Dysfunction 54: What your colleagues aren’t telling you (and you aren’t telling them)
Being human can be hard.
If you are a human, then I’m willing to bet that sometimes you worry or get stressed in the office. You obsess about some things and ignore others. You sometimes arrive at work energetic and ambitious, other times lackadaisical. Some days you smile, others you frown. On occasion you feel the pressure to deliver for others, on other days like no-one else cares. Plus there’s the usual external demands to eat well, exercise, sleep well, feel well.
I’m also willing to be that there’s just so much going on inside your head that sometimes you forget about those on the outside. You get caught up with your own issues and concerns to the point where you are not in tune with the other humans around you.
‘Hang on a minute – I work with other humans?’
Yeah, you actually do. And did you know:
That they also worry about failure (yes, even the boss)…
Failure is often seen as a dirty word in business – yet a whopping 8 out of 10 entrepreneurs who start a new venture fold within the first 18 months.
The bosses in your business may seem like they are cool, calm and collected pretty much all of the time, but they fear failure just like the rest of us. They have just as much to lose (if not more) if things go tits up. However people who succeed in business are the people who can manage their fear.
Here’s a great quote from Bill Crosby.
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It even has a name – Atychiphobia, and over 37 million Americans have been formally diagnosed with it.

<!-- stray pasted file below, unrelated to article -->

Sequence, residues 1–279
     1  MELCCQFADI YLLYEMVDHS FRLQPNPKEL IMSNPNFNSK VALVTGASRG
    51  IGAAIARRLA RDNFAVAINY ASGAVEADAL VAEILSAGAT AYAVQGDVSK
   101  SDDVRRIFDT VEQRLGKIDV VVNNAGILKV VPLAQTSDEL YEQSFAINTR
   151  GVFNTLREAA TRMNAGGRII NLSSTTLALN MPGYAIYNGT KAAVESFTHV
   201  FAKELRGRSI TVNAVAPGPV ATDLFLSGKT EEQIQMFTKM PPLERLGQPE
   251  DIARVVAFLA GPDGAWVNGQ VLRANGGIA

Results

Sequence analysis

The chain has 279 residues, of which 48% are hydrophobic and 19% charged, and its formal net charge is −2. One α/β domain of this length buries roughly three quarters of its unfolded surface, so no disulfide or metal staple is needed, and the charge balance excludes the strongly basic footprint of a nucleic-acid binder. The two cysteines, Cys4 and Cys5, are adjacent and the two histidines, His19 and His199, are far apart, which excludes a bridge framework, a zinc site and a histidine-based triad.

That they don’t always hear what you said…
The Royal National Institute for Deaf people web site states that in the UK 3.7 million people of working age (16-64) have some form of hearing loss.
In a study about the effects of open plan office noise:
Analyses indicate that the participants remembered fewer words, rated themselves as more tired, and were less motivated with work in high noise compared to low noise. Journal of Environmental Psychology 2011.
So when passing on important information or asking a critical question, take a moment to make sure that you check the other person(s) truly has heard and understood.
That they are also suffering from distraction syndrome…
We are all getting pulled in different directions all the time at work – meetings, conversations, emails, instant messages, the internet…it can be really hard to focus on a single task unless you make a deliberate effort.
They share your desire for more honesty at work…
Integrity is a rare commodity at work nowadays. People make false promises, they do not live up to their words and they regurgitate the same bullsh!t excuses. This leads to distrust and a lack of motivation, whereas:
Honest business practices inspire staff and customers with respect for your mission. Honest business practices build foundations of trust with colleagues, competitors, staff, customers and every other individual and entity. When employers deal honestly with their staff, employees are motivated to drive the business forward. Houston Chronicle 2014.